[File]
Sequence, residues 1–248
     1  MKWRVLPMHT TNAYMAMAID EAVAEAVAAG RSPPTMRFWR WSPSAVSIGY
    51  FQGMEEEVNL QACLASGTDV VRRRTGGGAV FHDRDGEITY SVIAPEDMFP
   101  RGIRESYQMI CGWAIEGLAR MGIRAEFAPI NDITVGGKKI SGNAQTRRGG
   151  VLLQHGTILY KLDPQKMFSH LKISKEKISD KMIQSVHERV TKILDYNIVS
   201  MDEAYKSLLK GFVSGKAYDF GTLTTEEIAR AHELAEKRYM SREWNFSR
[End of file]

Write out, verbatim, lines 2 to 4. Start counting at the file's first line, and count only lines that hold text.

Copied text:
     1  MKWRVLPMHT TNAYMAMAID EAVAEAVAAG RSPPTMRFWR WSPSAVSIGY
    51  FQGMEEEVNL QACLASGTDV VRRRTGGGAV FHDRDGEITY SVIAPEDMFP
   101  RGIRESYQMI CGWAIEGLAR MGIRAEFAPI NDITVGGKKI SGNAQTRRGG